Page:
“Secret Things” is about a number of things, some which work quite well and others only so-so. The frank sexual nature of the film comes out right from the start with Nathalie’s provocative stage act. The story takes on a teacher/student tone as the experienced exotic dancer shows her new friend the ropes about sex and the female body. Together, they explore the liberation of their sexy personae and realize that it is a potent weapon in the manipulation of men. When they formulate their plan for success in the business world, things take a more serious tone. Sex in the business place becomes the story’s main topic as Sandrine, initially, accepts the flirtatious advances from one of the bank’s middle managers, Robert Cadene (Olivier Soler). She uses him to strengthen her “skills” in manipulating the opposite sex and dumps him in favor of Delacroix. She and Nathalie aren’t prepared, though, for Christophe’s own manipulations.
“Secret Things” is definitely erotic and will appeal to prurient interests with its soft core pornography. But there is also the tale of ambition as Sandrine and Nathalie use their sensuality as a weapon in their advance up the corporate ladder. The two more than meet their match with Christophe, a man who knows how to use his wealth and power to get what he wants, even using Sandrine as a buffer for his incestuous feelings for his sister.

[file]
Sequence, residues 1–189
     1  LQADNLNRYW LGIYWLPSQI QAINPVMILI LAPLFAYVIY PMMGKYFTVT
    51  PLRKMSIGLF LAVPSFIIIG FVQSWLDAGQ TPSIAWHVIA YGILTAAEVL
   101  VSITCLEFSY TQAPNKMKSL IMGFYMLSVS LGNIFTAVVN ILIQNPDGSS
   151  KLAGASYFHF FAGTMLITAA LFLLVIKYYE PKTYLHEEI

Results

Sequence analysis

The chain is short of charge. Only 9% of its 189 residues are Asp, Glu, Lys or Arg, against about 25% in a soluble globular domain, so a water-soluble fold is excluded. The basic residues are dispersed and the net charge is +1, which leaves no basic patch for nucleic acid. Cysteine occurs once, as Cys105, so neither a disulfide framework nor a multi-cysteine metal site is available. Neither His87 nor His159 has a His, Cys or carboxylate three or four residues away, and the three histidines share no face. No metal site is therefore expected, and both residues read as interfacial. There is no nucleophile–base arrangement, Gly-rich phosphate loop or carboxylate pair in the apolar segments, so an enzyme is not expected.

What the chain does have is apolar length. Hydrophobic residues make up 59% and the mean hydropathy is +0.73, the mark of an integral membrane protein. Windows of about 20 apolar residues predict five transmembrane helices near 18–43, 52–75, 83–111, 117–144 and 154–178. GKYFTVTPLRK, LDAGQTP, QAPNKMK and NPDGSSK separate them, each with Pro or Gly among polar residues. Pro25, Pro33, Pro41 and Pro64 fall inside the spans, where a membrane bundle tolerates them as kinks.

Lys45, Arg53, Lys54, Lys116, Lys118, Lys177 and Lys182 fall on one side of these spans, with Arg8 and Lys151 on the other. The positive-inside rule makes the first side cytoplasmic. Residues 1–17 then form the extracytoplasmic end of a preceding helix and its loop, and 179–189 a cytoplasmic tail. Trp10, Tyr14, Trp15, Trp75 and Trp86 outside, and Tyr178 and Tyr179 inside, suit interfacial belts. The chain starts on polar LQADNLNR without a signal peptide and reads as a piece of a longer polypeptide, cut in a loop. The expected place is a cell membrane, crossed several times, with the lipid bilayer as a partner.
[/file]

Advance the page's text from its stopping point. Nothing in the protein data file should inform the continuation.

The film doesn’t keep the sensual pleasures in the forefront as, say, the “Emmanuelle” movies. Instead, it shifts its sights in favor of corporate intrigue and ambition on different levels. When the women take on Christophe, they mistake his quiet observation as acquiescence to their plans but are woefully mistaken. The man is cold, calculating and without moral fear.
The acting is adequate with Revel and Seyvecou filling the bill as young, attractive, ambitious women – and, did I mention sexy? Roger Mirmont garners the most sympathy as Delacroix, a man who falls headlong for the attentions of these beautiful women, to disastrous effect. Fabrice Deville, looking like a male fashion model, could be considered too vague in the character of Christophe. But, director Jean-Claude Brisseau uses this to make the character ambiguous and unfathomable.
“Secret Things” isn’t a great film but it is erotic and has a decent story of ambition and sexual intrigue that should stir many a libido. I give it a B-.
Sex show worker Nathalie (Coralie Revel) supports bartender Sandrine's (Sabrina Seyvecou, "He Loves Me...He Loves Me Not") refusal to service a customer for money and they're both kicked out of the club. Nathalie teaches Sandrine the joys of masturbation with an audience, then engages her in a plot to get jobs in a Parisian firm and target the top men for sexual manipulation in writer/director Jean-Claude Brisseau's ("White Wedding/Noce blanche") "Secret Things."